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http://dx.doi.org/10.1016/j.ygyno.2007.06.007DOI Listing
http://www.ncbi.nlm.nih.gov/pmc/articles/PMC2396448PMC
November 2007

Combined staining of TAG-72, MUC1, and CA125 improves labeling sensitivity in ovarian cancer: antigens for multi-targeted antibody-guided therapy.

J Histochem Cytochem 2007 Aug 3;55(8):867-75. Epub 2007 May 3.

Cancer Biology Research Institute, Sanford Research/USD, Department of Obstetrics and Gynecology and Basic Biomedical Science Division, Sanford School of Medicine, The University of South Dakota, Sioux Falls, SD 57105, USA.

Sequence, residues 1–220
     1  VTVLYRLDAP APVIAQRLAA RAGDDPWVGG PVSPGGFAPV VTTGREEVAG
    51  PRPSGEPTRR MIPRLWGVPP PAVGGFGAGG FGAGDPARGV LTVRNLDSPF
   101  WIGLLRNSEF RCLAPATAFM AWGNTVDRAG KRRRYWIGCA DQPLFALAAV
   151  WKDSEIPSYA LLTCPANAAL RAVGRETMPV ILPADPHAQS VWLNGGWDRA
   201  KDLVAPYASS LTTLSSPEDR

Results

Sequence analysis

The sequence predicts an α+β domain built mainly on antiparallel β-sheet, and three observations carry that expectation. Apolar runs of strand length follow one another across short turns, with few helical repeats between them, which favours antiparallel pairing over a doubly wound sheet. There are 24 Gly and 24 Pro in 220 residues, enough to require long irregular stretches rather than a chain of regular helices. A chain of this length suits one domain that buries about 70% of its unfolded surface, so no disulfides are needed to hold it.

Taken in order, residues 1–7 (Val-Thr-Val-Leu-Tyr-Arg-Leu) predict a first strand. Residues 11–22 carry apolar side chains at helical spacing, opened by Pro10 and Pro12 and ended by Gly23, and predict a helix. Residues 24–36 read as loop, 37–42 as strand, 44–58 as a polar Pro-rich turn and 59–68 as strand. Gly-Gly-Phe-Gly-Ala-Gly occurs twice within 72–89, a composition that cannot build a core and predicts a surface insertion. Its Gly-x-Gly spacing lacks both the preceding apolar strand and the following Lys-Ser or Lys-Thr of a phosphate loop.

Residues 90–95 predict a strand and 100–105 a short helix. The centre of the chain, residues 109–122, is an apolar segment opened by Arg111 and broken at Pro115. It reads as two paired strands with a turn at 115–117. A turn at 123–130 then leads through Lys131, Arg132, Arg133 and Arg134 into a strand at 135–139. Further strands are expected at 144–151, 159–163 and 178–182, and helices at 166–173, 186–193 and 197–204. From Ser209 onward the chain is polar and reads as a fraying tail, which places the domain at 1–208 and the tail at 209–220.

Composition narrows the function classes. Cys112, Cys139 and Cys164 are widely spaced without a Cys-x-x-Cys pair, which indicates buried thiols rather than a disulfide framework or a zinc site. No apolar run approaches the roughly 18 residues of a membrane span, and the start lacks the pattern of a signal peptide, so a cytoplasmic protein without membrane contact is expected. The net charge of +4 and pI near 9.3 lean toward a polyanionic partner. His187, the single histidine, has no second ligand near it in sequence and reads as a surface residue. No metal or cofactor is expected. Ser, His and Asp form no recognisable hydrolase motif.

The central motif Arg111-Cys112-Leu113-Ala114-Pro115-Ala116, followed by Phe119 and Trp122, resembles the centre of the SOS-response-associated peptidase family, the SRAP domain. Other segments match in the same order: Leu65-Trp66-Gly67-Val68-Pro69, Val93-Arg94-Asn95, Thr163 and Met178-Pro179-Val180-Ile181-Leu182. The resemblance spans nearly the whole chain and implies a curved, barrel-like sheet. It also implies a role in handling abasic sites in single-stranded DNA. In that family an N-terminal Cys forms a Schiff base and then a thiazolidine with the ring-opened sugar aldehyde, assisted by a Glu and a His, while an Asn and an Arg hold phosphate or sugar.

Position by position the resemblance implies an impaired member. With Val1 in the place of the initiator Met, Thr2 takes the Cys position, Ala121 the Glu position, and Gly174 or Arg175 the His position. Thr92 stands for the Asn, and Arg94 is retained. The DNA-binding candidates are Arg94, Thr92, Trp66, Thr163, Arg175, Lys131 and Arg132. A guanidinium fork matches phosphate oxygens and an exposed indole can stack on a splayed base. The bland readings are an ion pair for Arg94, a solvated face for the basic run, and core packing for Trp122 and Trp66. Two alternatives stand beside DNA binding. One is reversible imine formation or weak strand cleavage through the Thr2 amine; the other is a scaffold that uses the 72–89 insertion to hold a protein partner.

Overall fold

Single antigen-targeted intraperitoneal radioimmunotherapy for ovarian cancer has shown limited success. Due to the heterogeneous expression of tumor antigens on cancer cells, a multi-antigen targeting approach appears logical to augment the therapeutic efficacy of antibody-guided therapy. In the interest of developing this novel approach, ovarian cancer tissue microarray slides containing cancer and benign/non-neoplastic tissue samples (n=92) were processed for single-, double-, and triple-antigen labeling using antibodies for the tumor-associated antigens TAG-72, MUC1, and CA125. Among all ovarian cancer types, 72%, 61%, and 50% of the samples showed immunolabeling for TAG-72, MUC1, and CA125, respectively. Expression level of these antigens was significantly (p<0.005) higher in advanced stage carcinomas compared with early stage. Of the 48 epithelial ovarian cancer samples, individual anti-TAG-72, MUC1, and CA125 antibody probing showed labeling in 89.5%, 87.5%, and 73.0% of the cases, respectively. In the majority of the cancer samples (>70%), a heterogeneous labeling pattern was observed (only 30-40% of the cancer cells within the sample were labeled). However, upon combining the three antigens (triple-antigen labeling), 98% of the epithelial ovarian cancer samples were labeled and >95% of the cancer cells within each sample were labeled. Our data indicate that the heterogeneous expression of cancer antigens appears to be a major obstacle in antibody-guided therapy, and this can be overcome by multiple antigen targeting. Therapeutic efficacy of antibody-guided therapy for ovarian cancer treatment will be enhanced by the combined targeting of TAG-72, MUC1, and CA125.